We present a diagnostic test of possible Galactic contamination of cosmic microwave background sky maps designed to provide an independent check on the methods used to compile these maps. The method involves a non-parametric measurement of cross-correlation between the Faraday rotation measure (RM) of extragalactic sources and the measured microwave signal at the same angular position. We argue that statistical properties of the observed distribution of rotation measures are consistent with a Galactic origin, an argument reinforced by a direct measurement of cross-correlation between dust, free-free and synchrotron foreground maps and RM values with the strongest correlation being for dust and free-free. We do not find any statistically compelling evidence for correlations between the RM values and the COBE DMR maps at any frequency, so there is no evidence of residual contamination in these CMB maps. On the other hand, there is a statistically significant correlation of RM with the preliminary WMAP individual frequency maps which remains significant in the Tegmark et al. Wiener-filtered map but not in the Internal Linear Combination map produced by the WMAP team.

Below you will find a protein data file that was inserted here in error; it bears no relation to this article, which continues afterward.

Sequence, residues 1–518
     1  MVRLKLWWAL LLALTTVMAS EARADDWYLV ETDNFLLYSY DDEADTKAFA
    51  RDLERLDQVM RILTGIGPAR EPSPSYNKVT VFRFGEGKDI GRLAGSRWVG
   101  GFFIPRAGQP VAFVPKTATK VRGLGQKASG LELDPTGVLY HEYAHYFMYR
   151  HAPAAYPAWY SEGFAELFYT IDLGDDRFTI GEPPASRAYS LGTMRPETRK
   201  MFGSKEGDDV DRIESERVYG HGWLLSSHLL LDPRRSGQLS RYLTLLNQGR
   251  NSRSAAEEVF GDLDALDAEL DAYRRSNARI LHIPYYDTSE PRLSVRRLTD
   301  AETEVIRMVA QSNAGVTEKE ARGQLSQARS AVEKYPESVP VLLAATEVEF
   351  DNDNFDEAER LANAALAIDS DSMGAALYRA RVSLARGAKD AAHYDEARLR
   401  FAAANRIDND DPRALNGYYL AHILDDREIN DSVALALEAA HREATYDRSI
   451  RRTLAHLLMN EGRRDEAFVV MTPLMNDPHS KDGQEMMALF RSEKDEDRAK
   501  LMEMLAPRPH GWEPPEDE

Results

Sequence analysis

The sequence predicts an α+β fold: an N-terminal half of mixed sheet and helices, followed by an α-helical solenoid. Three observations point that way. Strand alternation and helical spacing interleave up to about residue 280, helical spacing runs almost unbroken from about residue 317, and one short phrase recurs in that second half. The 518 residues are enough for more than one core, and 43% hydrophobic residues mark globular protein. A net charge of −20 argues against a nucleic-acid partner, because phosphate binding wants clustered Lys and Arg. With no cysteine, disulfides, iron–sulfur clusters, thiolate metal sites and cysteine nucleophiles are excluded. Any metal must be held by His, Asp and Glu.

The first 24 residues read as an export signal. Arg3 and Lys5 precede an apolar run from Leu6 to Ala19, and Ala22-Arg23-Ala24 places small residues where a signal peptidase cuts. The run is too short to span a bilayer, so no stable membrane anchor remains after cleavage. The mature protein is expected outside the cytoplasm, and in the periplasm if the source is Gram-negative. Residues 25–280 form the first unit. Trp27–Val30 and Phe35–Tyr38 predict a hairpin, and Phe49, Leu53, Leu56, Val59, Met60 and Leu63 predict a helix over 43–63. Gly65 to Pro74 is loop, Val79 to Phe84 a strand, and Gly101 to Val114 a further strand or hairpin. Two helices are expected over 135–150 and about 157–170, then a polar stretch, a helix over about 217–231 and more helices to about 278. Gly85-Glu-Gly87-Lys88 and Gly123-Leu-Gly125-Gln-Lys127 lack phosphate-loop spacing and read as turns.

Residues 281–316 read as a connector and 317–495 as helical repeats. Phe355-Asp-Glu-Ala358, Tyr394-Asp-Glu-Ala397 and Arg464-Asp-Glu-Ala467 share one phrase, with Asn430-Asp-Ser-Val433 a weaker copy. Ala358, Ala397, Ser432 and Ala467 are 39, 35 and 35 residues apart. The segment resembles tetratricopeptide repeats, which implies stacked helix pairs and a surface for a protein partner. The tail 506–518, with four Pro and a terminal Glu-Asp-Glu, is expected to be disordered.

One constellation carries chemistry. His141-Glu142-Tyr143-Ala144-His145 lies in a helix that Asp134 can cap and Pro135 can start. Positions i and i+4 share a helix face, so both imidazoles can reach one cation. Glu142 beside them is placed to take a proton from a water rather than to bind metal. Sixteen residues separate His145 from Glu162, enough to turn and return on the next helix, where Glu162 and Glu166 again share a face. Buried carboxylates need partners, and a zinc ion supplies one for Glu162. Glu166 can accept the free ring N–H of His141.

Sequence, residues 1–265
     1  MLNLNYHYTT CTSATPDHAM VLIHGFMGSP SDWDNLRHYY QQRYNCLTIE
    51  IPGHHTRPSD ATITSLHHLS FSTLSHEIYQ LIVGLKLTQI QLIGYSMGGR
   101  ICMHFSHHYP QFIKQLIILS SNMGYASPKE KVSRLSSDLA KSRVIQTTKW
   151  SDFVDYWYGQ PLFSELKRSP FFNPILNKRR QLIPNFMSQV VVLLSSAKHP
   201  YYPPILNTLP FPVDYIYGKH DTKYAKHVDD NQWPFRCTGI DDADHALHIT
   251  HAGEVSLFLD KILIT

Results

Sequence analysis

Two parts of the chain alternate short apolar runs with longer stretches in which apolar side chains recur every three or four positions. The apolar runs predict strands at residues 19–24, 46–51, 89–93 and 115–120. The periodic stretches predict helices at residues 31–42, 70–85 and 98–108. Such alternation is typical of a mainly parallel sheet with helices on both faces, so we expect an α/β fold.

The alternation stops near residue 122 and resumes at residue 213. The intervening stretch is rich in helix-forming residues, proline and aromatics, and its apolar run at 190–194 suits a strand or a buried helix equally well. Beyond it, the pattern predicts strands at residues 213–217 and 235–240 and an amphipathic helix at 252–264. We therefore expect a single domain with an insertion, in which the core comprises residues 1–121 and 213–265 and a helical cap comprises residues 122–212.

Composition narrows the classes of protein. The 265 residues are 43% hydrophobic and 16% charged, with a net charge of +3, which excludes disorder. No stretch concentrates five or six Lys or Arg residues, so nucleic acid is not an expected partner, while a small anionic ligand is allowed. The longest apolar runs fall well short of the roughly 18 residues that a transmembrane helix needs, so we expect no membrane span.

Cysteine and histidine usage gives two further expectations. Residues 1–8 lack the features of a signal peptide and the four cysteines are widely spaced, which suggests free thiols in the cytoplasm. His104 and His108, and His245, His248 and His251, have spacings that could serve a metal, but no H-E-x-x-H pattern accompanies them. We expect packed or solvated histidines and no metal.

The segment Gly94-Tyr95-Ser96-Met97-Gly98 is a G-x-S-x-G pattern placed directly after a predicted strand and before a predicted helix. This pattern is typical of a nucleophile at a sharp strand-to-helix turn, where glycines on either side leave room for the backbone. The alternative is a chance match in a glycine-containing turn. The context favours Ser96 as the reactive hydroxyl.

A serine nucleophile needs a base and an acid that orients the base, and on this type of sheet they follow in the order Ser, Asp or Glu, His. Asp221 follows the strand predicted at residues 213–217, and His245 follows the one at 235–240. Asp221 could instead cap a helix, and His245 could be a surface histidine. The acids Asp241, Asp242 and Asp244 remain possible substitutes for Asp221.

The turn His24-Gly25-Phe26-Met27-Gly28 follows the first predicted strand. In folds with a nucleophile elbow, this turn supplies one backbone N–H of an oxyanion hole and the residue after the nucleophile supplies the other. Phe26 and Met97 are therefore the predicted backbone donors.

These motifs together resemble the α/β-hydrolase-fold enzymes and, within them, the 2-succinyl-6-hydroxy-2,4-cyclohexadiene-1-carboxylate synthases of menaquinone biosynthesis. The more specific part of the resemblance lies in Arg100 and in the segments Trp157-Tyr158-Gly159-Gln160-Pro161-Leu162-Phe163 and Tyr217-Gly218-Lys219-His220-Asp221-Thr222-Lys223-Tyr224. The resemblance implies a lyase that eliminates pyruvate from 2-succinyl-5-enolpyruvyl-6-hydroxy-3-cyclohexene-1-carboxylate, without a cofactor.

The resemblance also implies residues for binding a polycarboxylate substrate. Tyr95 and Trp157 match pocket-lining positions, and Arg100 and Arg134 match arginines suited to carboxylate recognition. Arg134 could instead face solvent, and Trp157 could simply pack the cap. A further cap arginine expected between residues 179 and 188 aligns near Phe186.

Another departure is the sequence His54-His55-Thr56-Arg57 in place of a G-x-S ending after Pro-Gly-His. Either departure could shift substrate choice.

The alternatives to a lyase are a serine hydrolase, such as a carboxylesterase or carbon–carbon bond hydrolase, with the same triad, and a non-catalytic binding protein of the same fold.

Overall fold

The idea is that cross-correlating the CMB pattern with Faraday rotation measures should provide an independent diagnostic of the effect of magnetic fields. Our analysis was based on old CMB data, so there’s an interesting project to be done updating it with, e.g., Planck CMB data and a larger set of rotation measures. See the comment below for a reference to more recent work along these lines, but still not including Planck.

Anyway, this all goes to show that there’s one question you can always ask about an astrophysics result: have you considered the possible role of magnetic fields?

The Heat Death of Herschel

Posted in The Universe and Stuff with tags , , , , on March 13, 2013 by telescoper